Number 9 – Alabama at Mississippi State – Nov. 14, 1998, Davis Wade Stadium, Starkville, Mississippi
(editor’s note: this is the second installment of a series abou the worst Alabama games I have personally attended. You can see Part 1 here.)
This was my first trip to Starkville for a game and it is a trip that I hope to never make again. It was raining and pretty chilly, Alabama lost, and State has to the be the home of possibly the worst stadium in the conference.
As you might recall, in 1998 Alabama was in their second year with Mike Dubose at the helm and while there was some improvement over the dismal 1997 campaign, overall Alabama was still not a very good football team. The Tide was 6-3 going into this game with a blowout loss at Arkansas, a very close loss to Florida at home, and a pretty solid beating at the hands of Tennessee (who was on their way to a national championship). State had beaten Alabama two consecutive years and this trip to Starkville was to be the third. I’m sure that’s why the Bulldog fans seemed to be full of piss and vinegar as we passed through them on our way to the stadium after parking below the baseball field.
Now, I’ve know some fine folks that went to State, but in all honesty, Starkville is one of those places that you go to, not through. There just isn’t anything there and it seems to me that it would be an absolutely dismal place to go to college. Their stadium is a reflection of that. With the exception of Vanderbilt they are the only stadium in the conference who hasn’t constructed proper end-zone seating, giving their stadium the appearance of an overly large high school venue. There is very little aesthetic appeal to it (if college football was played in Russia, this it what I imagine all the stadiums would look like) and on this day in particular it was a dull-gray mammoth lurking into a dull-gray sky.
Alabama gave very little to cheer about that day. The running game never got un-tracked and it seemed that the defense was totally incapable of stopping State’s ground attack. As I recall, our fireplug of a fullback, Montoya Madden, was the only bright spot. While ten years have made the details sketchy, I distinctly remember that the weather was awful and the Alabama’s play was not much better.
At half-time I went to the concession stand in the upper deck to get a hot dog. I was about sixth in line for the half-time rush and remember the first customer ordering a hot dog only to be told they were out but more would be arriving shortly. About that time a man comes up the ramp with a tray of about thirty-five hot dogs. Of course they were all gone when I got there and I just kind of looked at the girl with disgusted silence when she told me they were out of hot dogs again.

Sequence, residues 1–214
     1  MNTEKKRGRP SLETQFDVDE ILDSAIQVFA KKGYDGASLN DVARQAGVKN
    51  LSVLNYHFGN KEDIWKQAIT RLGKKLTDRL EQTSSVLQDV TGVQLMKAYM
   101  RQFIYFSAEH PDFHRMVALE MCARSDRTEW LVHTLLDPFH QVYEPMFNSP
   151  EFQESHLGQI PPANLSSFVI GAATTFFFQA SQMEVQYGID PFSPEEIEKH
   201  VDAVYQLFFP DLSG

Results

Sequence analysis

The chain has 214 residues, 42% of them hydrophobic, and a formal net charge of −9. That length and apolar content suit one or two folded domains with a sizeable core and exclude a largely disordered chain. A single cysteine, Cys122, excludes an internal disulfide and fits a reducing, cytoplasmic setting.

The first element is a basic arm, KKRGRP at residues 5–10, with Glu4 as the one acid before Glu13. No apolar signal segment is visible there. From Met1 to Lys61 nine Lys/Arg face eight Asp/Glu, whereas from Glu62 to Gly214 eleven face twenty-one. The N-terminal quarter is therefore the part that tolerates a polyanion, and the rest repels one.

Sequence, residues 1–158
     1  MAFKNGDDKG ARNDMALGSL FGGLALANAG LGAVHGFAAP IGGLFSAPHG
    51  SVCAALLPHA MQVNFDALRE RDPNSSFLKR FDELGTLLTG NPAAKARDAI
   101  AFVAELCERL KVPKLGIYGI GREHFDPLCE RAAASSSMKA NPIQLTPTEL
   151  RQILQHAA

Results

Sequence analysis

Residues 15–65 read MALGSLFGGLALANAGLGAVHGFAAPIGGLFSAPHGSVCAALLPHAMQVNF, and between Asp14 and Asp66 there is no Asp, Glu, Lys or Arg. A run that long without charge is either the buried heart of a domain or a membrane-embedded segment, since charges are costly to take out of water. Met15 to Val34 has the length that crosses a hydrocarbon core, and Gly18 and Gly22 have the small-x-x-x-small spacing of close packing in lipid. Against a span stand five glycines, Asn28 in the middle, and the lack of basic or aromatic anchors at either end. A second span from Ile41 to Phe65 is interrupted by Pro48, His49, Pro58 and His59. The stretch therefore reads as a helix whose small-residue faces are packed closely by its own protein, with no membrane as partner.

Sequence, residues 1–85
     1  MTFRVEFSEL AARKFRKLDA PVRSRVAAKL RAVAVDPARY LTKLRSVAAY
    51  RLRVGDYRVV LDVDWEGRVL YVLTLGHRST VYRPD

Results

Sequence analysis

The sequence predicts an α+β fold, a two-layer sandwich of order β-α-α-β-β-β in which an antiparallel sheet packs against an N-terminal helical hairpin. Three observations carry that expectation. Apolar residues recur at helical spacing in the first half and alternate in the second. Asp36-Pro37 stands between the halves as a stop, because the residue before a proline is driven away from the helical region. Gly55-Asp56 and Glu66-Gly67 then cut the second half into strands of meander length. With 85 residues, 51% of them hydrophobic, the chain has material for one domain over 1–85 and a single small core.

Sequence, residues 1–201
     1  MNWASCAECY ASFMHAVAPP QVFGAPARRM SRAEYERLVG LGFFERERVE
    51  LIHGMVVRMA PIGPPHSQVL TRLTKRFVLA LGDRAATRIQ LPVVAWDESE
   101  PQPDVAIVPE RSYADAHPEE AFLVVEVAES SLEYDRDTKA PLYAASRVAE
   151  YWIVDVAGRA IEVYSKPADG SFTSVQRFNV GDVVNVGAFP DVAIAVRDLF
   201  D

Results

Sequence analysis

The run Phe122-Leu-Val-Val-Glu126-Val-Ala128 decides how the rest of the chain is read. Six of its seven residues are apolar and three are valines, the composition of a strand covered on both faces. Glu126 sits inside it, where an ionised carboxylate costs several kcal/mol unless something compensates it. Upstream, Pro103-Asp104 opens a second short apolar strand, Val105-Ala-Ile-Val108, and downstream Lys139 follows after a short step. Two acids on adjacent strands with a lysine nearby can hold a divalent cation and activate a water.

After the game, as we made our way through the jubilant State fans who were knocking each other over to shake a cowbell in the face of any Alabama fan they could find, all I could think was that this was a fan base that was so unaccustomed to winning that they didn’t know how to handle it. We were treated quite rudely as we left and it was not a pretty site. Now I know that not every Alabama fan is the model of decorum after a victory, especially after the defeat of a hated rival, but actions of a lot of the State fans we encountered as we exited left enough of a bad taste that I decided then and there that I never want an opposing fan leaving our stadium, regardless of the team, to be treated the way we were treated that day.
One of my favorite parts of college football is the tailgating and fellowship that takes place before and after a game. Regardless of the outcome I am usually up for a beverage or two after the game but I have never wanted to be on my own couch, which was a scant ninety mile away, as I did that day, and so without bye or leave we left Starkville as quick as we could vowing never to return. And to this day we haven’t.
One final note; on the way out of town, off the side of the ramp onto the four-lane, there was a couple of State fans standing in the grassy area right of the shoulder, dropping their pants and mooning the Alabama fans as the started east. The whole scene was funny enough until a car about three or four ahead of us, pulls out of line and starts in their direction, sending the drenched mooners sprinting toward the fence. At least we had one thing to smile about that day.